Who Needs a Task Analysis Anyway?

Who Needs a Task Analysis Anyway?

This is an excerpt from the Applied Human Factors in Medical Device Design book see link on the side for purchase

Task Analysis Overview

A task analysis is the process intended to identify a user’s goal, what steps must be done in order to achieve the goal, what experiences (personal, social and cultural) users bring to the tasks and how the environment might influence the user. It is an important design tool that can be effectively used early in the design process (i.e., before the creation of device prototypes) to help inform use-related design of the user interface (UI) components. Throughout the design process, a task analysis can also be used as a fundamental framework to the development of use-related risk documentation (e.g., uFMEA or Fault Tree Analysis), human factors protocol development, and usability evaluation. It can highlight elements of the user-device interactions that could be problematic for users, which provides designers opportunities early and throughout the product development process to implement risk mitigations proactively, ultimately saving time and manufacturing costs.

Overall Process - Figure 1 illustrates the task analysis process starting from identifying use cases (Step 1 in the process) and in some cases (uFMEA) ending with determining potential harms and severity of harm (Step 6 in the process).

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Figure 1. Process map of an example task analysis development process.

The terminology used in a task analysis may vary across device teams. The terminology used in this chapter includes terms such as; “use cases,” tasks,” and “sub-tasks.” Although terminology may change slightly or have somewhat different meanings across manufacturers, it is important for a manufacturer to use a systematic and consistent hierarchy when creating and utilizing a task analysis and associated terminology.

Step One: Use Case Identification

The first step in developing a task analysis is use case identification. Use cases are an important input to the task analysis as they provide context for the various, sometimes overlooked, uses of a device. Most medical devices involve numerous use cases. While some use cases are related to the main purpose of the device such as drug delivery or running a diagnostic test, other commonly overlooked use cases for some devices that should be considered in the task analysis if they are applicable include procedures such as maintenance, calibration, reprocessing, cleaning, disposal, shut down, and storage. Different users of the device may encounter the same or different use cases.

Step Two: Task Identification

Upon definition of the use cases, the tasks associated with each specific use case can be established. Tasks may be determined from knowledge experts (e.g. clinical stakeholders) input, FDA feedback on similar devices, observations of users with similar devices, human factors experts interacting with the device, critical thinking, investigation into videos of device use or similar device use, instructional material, risk documentation, reverse engineering and/or experience with similar devices. When identifying tasks, it is important to analyze the user performance requirements, referencing that the device must support the user(s) towards meeting their intended goal. This analysis may include a heuristic review or cognitive walk through of the design for various use cases with the intended user in mind.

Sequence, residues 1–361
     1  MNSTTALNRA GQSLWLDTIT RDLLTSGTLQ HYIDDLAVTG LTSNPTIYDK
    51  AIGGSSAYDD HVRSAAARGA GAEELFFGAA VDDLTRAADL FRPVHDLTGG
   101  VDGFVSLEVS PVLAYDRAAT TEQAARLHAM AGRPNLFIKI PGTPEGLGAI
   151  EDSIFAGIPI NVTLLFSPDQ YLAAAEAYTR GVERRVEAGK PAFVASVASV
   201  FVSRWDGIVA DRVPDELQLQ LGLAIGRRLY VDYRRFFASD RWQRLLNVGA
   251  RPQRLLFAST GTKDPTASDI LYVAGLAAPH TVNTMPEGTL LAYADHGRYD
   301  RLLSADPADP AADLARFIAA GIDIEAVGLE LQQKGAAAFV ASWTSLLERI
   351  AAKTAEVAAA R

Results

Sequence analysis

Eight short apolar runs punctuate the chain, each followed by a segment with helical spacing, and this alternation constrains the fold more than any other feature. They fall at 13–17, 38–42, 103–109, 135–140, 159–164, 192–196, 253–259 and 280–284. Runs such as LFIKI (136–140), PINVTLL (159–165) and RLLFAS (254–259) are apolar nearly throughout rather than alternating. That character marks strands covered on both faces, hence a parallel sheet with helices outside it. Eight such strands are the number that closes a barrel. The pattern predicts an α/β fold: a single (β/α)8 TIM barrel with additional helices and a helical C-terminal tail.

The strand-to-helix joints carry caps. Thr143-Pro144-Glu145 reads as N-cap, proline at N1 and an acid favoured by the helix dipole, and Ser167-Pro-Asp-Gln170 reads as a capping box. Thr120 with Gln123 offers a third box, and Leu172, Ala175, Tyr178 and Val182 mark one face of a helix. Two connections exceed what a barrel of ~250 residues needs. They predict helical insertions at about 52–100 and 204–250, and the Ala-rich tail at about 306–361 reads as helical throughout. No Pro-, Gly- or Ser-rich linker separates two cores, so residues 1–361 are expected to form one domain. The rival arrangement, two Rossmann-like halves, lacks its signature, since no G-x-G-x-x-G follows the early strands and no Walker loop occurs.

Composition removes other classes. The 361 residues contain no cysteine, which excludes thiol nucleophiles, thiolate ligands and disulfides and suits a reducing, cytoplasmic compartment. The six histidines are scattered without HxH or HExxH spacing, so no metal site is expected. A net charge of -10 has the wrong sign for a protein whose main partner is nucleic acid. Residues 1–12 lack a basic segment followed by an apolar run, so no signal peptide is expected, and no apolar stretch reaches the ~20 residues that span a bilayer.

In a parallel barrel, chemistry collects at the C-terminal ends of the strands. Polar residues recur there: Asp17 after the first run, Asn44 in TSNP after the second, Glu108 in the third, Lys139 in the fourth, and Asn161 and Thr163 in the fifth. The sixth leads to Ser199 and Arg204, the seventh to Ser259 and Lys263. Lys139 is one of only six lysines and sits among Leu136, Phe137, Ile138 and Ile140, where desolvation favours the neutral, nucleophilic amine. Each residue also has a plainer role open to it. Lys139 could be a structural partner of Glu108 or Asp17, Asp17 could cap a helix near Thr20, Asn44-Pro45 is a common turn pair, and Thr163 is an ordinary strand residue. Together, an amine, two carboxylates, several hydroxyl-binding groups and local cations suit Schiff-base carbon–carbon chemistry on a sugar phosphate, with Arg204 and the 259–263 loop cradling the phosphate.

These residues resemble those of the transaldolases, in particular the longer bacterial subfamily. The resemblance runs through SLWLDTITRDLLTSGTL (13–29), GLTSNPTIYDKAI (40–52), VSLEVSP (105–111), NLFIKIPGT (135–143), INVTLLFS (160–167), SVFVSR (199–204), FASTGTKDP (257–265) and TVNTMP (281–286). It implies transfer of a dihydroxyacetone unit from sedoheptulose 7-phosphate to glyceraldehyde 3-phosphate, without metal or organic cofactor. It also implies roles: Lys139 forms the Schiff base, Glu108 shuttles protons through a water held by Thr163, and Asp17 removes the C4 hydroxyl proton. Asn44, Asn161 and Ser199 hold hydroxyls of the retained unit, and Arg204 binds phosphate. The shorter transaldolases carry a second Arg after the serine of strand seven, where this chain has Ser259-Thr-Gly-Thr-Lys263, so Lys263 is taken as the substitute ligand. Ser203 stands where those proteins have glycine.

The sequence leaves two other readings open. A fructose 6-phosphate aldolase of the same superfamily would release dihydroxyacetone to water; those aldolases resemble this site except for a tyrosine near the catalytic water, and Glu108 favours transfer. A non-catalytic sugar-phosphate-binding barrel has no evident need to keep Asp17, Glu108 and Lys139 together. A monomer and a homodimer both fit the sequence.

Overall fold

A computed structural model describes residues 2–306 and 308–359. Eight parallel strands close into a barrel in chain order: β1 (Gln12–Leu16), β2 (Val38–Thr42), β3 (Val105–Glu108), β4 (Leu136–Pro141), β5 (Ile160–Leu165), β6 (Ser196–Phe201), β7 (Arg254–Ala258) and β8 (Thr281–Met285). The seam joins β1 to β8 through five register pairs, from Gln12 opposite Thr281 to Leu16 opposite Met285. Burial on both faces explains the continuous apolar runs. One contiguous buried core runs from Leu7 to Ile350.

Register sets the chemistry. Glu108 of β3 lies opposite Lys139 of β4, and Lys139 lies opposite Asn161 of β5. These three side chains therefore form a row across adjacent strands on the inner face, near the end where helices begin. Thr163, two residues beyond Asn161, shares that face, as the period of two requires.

Step Three: Sub-task Breakdown

During the sub-task breakdown stage, each task should be broken down into independent actions or processes. Most often it is important to avoid combining multiple tasks into a single line item of the task analysis, as this introduces the possibility of misidentification or omission of associated use requirements and potential use errors as well as “double counting” errors and losing specificity in data reporting during usability testing. When task analyses are used during the design process as the framework for human factors testing, appropriately separated tasks and sub-tasks are also important because they guide moderator observations and the debriefing interview so as to yield insights into root cause analysis and reporting of any observed difficulties and use errors.

Additionally, when breaking down tasks into sub-tasks, it is important to integrate order and timing (when applicable) in an observable and quantifiable way. Verbiage should be concise, consistent (with no ambiguity) and measurable (which becomes extremely important when task analysis guides usability testing). For example, terms such as “after” and “before” should be included when order is important. When timing is critical, measurable metrics should be included. For example, instead of “hold until the medication has been delivered,” provide a metric such as “hold for 5 seconds until the medication is no longer visible in the window.”

The precision of wording included in task analysis can influence the quality of the analysis. It is important to avoid using words that are ambiguous and will be difficult to observe or measure (e.g., “adequate,” “well,” or “enough”). Instead define what is meant by ambiguous words with as much detail as possible that describes the specific UI components and the expected user-device interactions. The more specific and stand-alone the sub-tasks can be, the more useful a task analysis will be as an early design tool as well as a framework for subsequent human factors data collection and analysis.

Step Four: Apply the Perception, Cognition, and manual Action (PCA) Model